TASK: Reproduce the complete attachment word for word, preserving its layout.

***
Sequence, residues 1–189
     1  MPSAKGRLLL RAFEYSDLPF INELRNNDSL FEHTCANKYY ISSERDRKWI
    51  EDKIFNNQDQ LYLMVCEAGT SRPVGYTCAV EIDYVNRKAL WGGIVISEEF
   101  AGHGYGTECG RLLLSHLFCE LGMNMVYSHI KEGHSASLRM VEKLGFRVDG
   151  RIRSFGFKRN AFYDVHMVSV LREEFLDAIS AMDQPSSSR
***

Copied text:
Sequence, residues 1–189
     1  MPSAKGRLLL RAFEYSDLPF INELRNNDSL FEHTCANKYY ISSERDRKWI
    51  EDKIFNNQDQ LYLMVCEAGT SRPVGYTCAV EIDYVNRKAL WGGIVISEEF
   101  AGHGYGTECG RLLLSHLFCE LGMNMVYSHI KEGHSASLRM VEKLGFRVDG
   151  RIRSFGFKRN AFYDVHMVSV LREEFLDAIS AMDQPSSSR